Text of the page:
The word best typically implies comparison. To be the best means you’re better than everyone else. That’s not what we mean at SpringHill when we talk about being the best.
When say we want to be the best team we simply mean we want to be effective in fulfilling our mission and achieving our goals and doing it consistent with our core values. In other words being the best means we are faithfully delivering on God’s calling for us and doing so in the way that honors Him.
This is also same the spirit in which we use the word best when applying it to people. It’s not our goal to have the “number one” person in a particular field or profession on our team. Instead our goal is to have the right person. We use the language in Jim Collins’ book Good to Great where he says “great organizations have the right people on the bus”.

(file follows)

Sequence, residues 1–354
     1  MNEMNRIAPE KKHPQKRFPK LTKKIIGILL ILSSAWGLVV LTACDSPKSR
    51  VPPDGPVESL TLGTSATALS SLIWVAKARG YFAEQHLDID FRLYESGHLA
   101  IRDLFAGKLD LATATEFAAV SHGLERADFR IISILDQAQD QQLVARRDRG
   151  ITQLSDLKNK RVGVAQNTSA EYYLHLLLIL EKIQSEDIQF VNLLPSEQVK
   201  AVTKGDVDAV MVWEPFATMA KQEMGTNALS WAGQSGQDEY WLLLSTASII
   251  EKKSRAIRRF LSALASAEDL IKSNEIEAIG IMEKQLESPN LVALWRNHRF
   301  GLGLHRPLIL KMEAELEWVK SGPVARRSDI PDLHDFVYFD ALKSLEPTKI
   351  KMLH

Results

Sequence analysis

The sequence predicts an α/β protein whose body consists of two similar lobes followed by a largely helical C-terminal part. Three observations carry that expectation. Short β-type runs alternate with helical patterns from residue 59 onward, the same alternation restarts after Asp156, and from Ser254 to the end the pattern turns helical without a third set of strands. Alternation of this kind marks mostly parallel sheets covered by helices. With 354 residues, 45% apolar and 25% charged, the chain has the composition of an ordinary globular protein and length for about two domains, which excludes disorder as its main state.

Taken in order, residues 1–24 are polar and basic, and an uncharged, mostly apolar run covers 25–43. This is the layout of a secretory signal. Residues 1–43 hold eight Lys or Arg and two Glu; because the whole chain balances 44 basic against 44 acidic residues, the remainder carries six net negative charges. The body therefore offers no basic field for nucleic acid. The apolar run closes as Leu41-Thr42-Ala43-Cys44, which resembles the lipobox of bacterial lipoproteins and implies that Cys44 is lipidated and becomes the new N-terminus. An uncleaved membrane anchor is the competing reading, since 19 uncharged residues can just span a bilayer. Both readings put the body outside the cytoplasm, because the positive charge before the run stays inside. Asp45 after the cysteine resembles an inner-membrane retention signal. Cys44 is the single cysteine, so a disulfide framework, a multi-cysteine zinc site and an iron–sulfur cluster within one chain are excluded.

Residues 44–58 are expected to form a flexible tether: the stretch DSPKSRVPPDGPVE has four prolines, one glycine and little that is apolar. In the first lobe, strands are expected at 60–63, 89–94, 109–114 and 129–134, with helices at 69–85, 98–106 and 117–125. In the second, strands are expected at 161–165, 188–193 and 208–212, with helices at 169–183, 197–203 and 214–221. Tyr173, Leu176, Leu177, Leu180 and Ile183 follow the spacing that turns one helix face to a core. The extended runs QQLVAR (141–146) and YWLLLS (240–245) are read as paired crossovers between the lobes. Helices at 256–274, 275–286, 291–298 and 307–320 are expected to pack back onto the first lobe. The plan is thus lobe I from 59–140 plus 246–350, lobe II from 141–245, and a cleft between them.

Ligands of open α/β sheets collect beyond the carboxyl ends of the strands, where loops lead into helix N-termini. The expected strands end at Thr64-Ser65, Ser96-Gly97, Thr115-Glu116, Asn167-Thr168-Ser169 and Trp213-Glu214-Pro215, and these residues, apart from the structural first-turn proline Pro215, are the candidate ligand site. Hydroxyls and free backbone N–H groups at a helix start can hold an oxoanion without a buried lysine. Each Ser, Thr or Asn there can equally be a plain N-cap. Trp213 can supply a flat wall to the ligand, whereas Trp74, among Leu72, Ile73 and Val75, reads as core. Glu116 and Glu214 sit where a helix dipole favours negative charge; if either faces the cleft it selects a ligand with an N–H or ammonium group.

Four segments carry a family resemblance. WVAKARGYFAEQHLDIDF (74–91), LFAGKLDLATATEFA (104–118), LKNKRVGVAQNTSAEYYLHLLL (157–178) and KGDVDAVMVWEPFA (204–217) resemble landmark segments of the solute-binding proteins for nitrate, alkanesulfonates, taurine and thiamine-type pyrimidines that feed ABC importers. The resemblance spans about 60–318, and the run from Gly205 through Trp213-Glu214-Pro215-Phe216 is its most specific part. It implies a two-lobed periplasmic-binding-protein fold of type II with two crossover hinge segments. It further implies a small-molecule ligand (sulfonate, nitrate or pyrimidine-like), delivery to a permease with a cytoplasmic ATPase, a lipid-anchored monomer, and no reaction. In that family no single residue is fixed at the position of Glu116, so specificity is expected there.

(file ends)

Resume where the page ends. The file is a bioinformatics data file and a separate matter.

The right people are those who’re committed to our mission, embrace our values, embody the SpringHill Experience, fit our culture and have the skills and abilities to help our team be successful. There may be more talented people in the world by comparison, but for SpringHill, if they don’t meet these qualifications, they’re not the best.
So you can see we’re not into comparisons, except for the one that really matters – the comparison of ourselves as individuals and as a team to what God’s called us to do and who He’s called us to be.43.928283-85.286682